Learning forms the foundation of social interactions in human and non-humans: the ability to learn and memorize locations, situations, individuals, facts and tasks forms are fundamental. We will discuss the cellular and molecular mechanism underlying learning and memory and the most highly studied model systems. Approaches to these processes along with human diseases presenting with learning and memory deficits will be discussed.
Introduction to the fundamental principles of neuroscience with a focus on the following topics: structure and function of central nervous system in humans and other animals, signal processing and transmission, development of neural and brain circuits, encoding and transmission of sensory and perceptual information, motor control/movement.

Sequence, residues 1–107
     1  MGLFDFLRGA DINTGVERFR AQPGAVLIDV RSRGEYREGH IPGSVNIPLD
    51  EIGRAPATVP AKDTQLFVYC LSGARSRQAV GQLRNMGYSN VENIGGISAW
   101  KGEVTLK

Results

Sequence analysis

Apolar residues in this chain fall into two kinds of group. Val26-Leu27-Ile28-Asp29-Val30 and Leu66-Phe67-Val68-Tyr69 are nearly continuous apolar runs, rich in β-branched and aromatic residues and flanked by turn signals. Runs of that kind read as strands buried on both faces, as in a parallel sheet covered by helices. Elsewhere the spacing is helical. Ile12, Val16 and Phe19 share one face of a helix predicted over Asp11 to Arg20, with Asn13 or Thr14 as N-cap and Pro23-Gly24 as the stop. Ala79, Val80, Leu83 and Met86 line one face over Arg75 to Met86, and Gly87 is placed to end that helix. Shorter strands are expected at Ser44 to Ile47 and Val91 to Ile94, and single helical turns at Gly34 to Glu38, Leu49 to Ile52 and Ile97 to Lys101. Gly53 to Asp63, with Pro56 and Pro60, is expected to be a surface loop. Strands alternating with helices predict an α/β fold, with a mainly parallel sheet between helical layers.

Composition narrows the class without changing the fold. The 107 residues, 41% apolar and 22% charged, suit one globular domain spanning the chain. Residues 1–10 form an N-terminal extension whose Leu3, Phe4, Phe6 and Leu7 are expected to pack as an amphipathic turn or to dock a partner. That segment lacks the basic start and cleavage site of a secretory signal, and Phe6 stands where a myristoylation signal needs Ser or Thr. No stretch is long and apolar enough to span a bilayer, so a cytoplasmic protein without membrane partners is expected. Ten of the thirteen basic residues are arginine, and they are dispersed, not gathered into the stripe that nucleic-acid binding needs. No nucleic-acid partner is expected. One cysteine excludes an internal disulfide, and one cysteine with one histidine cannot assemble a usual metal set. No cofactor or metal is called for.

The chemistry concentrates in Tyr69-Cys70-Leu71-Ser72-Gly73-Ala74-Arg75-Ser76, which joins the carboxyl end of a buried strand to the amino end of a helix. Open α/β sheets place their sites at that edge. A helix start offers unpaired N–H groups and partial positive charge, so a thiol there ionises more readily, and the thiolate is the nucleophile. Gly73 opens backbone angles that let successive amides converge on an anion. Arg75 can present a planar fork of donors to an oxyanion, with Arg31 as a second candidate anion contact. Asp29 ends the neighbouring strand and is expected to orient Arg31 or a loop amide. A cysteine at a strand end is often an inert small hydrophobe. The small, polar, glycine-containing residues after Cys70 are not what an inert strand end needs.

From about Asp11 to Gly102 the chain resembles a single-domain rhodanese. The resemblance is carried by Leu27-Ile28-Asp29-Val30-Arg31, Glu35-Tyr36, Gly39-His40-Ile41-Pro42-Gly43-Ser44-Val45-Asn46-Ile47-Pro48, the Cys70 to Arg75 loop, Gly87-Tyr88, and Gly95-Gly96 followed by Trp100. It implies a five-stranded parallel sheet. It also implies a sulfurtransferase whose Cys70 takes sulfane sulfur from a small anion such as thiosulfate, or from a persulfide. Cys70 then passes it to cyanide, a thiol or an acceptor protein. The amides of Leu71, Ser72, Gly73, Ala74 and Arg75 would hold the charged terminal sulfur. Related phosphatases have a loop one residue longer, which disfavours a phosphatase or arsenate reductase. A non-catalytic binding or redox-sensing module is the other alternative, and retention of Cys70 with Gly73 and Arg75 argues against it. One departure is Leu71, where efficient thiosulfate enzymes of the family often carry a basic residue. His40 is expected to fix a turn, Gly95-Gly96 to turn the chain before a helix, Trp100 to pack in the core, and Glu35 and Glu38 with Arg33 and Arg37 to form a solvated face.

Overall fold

Our understanding of neurogenetic disorders have increased dramatically in the last 20 years due to recent advancements in genetic methodologies. The promise of personalized medicine and the power of human genome sequencing have changed how scientists approach the field of neuroscience. This course covers classical genetics, non-Mendelian inheritance, and epigenetics as they relate to neurodevelopmental and neurological disorders. Practical applications including genome-wide association (GWAS), next-generation sequencing, epigenetics, genome editing and screening methods will also be discussed.